Navigating on the water can be a little tricky for the novice. More than ever before, people rely more heavily on technology to get them from point A to point B. We can easily say, OK Google, take me to Bowman Bay and magically our phone will guide on us on our way. On the water, we usually don’t have the luxury of Google or Siri to navigate for us.
Kitsap Peninsula Water Trail, a celebrated segment of the Cascadia Marine Trail, opens over 350 miles of saltwater shoreline on western Puget Sound and Hood Canal to modern day exploration.
Derek Hutchinson — June 30, 1933 – October 10, 2012
Derek Hutchinson known by many to be the Father of Modern Sea Kayaking has passed away today at the age of 79. I had a rare opportunity to attend one of his last classes here in the Pacific Northwest last year. It was inspiring to meet a man who had lived his life as a Sea Kayaker and at the age of 78 still able to get on the water and inspire others to be better paddlers. It was an honor and a pleasure to have met you sir, may you enjoy fair winds and following seas.
Most of you have probably used google as a search engine a time or two. But have you ever noticed that the google logo in the middle top of the web page is different from time to time. Doodles are the fun, surprising and sometimes spontaneous changes that are made to the Google logo to celebrate holidays, anniversaries and the lives of famous artists, pioneers and scientists. The different Google logos are called Google Doodles. The one displayed on Aug 9 2012 was a tribute to Kayak Slalom Racing at the 2012 Olympics.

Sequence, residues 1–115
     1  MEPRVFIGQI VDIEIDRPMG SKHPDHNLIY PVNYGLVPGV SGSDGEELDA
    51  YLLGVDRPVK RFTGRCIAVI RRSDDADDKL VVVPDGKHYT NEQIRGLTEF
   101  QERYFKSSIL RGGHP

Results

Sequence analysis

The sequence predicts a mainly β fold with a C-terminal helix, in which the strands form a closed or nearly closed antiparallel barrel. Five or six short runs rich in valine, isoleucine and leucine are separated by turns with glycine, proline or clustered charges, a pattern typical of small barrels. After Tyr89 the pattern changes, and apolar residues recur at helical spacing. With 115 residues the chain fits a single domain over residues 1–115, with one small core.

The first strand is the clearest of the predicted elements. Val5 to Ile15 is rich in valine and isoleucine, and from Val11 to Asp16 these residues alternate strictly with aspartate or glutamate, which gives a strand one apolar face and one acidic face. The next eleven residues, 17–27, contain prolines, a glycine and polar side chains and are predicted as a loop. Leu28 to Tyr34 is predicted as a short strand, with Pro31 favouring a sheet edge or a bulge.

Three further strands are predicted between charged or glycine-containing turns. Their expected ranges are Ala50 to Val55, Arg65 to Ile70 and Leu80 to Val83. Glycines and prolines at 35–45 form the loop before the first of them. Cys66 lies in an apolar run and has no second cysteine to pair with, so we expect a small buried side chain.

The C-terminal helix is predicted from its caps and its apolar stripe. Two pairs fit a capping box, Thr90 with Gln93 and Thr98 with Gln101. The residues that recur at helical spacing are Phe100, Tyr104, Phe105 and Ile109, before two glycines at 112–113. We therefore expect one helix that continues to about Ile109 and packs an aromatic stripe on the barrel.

It is a fun and addictive interactive game. To play the game go to the Google Doodles page and play the game there: http://www.google.com/doodles/slalom-canoe-2012
The Mobile App Marine Debris Tracker is a joint partnership of the NOAA Marine Debris Division and the Southeast Atlantic Marine Debris Initiative (SEA-MDI), located within the Faculty of Engineering at the University of Georgia. A primary goal of SEA-MDI is to use innovative technologies and unique expertise to add culturally relevant outreach tools and information to the current NOAA Marine Debris Division. Marine Debris Tracker is the first product of this initiative. It is our hope that it will spread awareness of marine debris, as well as serve as an easy to use and simple tool for marine debris data collection.
When paddling along the coast this is a great app to help NOAA track and document marine debris on the coast lines.
To see a map of already logged debris visit the Marine Debris Tracker Website.